Ohm, all dressed up and ready for the Imperial court

                                My kimono looks lovely- no?

                          And yes, poor Mark was coerced into participating in this lovely family photo shoot. Say SAKI!

                         This restaurant building made me smile.

Octopus balls, also known as Takoyaki  - the delicacy of Osaka

                                  Learning to walk in the park

           This was a large indoor marketplace. It had so many twists and turns.

                                 The HEP Five Ferris Wheel!


                                Osaka was very rainy.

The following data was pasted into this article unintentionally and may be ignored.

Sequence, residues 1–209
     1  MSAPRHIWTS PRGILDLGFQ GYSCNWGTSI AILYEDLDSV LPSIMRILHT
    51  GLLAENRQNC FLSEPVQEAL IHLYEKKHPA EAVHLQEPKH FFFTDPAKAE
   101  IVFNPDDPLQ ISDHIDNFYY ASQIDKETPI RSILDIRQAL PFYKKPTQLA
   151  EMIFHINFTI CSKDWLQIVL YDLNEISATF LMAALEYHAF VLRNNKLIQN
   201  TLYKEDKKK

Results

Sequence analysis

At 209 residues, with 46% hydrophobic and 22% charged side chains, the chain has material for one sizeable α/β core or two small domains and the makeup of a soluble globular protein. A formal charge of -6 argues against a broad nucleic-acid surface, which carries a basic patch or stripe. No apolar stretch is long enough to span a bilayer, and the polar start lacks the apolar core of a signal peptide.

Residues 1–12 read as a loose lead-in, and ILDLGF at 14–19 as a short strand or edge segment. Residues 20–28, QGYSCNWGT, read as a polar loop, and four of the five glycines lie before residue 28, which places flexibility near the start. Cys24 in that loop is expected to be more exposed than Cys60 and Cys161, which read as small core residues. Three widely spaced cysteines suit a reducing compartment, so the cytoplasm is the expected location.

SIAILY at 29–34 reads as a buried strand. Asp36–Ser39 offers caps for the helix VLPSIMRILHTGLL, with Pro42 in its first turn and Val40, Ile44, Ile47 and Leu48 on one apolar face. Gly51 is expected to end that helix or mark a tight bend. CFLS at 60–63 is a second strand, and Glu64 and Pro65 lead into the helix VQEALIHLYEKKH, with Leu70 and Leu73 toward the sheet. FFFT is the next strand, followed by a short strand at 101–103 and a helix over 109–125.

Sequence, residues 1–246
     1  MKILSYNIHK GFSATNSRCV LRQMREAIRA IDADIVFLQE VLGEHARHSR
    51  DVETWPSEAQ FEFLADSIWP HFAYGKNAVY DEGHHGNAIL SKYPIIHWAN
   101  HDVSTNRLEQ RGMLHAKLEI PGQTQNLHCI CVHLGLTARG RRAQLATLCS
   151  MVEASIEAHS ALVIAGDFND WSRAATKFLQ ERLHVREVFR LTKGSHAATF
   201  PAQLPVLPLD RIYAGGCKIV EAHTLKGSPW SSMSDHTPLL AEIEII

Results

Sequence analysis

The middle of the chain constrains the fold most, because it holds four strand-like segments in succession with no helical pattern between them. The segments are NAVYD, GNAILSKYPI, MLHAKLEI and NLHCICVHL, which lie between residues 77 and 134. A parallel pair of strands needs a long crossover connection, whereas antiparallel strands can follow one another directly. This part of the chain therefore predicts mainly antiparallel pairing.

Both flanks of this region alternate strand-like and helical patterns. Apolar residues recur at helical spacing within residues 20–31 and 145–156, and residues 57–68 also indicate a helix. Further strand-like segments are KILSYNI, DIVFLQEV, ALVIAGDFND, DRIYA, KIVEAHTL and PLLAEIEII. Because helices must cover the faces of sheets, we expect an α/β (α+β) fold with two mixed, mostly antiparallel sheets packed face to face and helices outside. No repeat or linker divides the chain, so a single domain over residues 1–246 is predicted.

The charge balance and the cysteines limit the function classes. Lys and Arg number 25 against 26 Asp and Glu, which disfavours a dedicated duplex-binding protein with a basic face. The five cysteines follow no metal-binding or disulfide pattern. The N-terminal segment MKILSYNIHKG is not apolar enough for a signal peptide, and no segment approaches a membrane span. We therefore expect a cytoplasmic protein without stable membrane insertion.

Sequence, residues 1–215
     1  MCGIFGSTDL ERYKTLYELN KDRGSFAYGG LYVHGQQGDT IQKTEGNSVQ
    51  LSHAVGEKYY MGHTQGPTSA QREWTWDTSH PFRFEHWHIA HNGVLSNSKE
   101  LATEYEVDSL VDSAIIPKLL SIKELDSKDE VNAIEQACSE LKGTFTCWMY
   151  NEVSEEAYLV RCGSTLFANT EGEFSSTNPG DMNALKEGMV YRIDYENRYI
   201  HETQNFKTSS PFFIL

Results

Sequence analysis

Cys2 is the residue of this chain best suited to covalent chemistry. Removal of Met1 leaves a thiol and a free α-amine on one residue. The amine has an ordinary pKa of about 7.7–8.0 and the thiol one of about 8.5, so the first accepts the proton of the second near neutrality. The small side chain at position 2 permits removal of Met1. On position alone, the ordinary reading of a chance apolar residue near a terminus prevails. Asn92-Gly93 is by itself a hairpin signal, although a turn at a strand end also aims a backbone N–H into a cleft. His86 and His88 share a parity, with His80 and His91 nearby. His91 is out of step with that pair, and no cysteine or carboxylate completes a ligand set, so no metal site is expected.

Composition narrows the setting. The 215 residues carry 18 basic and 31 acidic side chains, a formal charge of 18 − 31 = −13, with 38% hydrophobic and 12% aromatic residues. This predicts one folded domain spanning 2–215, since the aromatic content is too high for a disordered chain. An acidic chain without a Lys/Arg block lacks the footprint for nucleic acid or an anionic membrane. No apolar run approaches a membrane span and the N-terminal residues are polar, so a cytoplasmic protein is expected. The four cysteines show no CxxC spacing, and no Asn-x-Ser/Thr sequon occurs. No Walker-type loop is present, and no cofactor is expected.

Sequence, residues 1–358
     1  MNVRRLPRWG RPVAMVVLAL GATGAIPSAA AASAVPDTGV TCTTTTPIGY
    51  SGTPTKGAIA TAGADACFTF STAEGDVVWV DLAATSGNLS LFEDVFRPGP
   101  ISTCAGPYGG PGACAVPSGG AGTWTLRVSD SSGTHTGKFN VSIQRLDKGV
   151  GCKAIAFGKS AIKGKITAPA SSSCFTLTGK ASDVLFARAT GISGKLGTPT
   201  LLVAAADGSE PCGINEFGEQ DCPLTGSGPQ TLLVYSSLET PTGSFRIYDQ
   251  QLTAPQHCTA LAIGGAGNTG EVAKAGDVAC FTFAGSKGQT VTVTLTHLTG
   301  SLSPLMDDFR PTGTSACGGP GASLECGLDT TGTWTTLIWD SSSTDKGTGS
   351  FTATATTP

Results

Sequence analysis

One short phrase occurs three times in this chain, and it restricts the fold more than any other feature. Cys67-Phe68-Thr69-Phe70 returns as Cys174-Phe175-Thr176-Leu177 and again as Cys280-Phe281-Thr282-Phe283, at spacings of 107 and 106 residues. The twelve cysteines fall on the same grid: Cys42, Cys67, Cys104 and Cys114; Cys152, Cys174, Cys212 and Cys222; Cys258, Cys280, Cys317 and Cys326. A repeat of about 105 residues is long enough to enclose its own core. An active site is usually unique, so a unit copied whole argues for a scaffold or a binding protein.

I spent a lot of time seeking shelter under bridges and overpasses.

                   Mark and Ohm meandering in the rain.

         A traditional food stall, where a group of elderly locals sat eating food and playing games.

So many restaurants to choose from. This restaurant was tasty, but the menu was not in English. We sat, pointed and hoped for the best. It was a win!

*Side note: Osaka has AMAZING street food! Point and chew. Get on in there!


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Magical Kyoto and the Rokun-ji Temple

SONY DSC There is a place set deep in the mountains, where temples are illuminated by the low golden glow of the descending sun. A place where locust songs mark the opening and closing of each day. Here bicycles glide over quiet narrow streets. Machiya homes line long snakelike streets; polished and proud, they seem to whisper "we were here first, remember."

This is Kyoto:






Kyoto, Japan is home to over 100 temples and shrines. Around every corner, a temple or shrine seems to quietly appear.

The most resplendent of them all, in my opinion, is the Rokun-ji Temple, also known as the Golden Temple.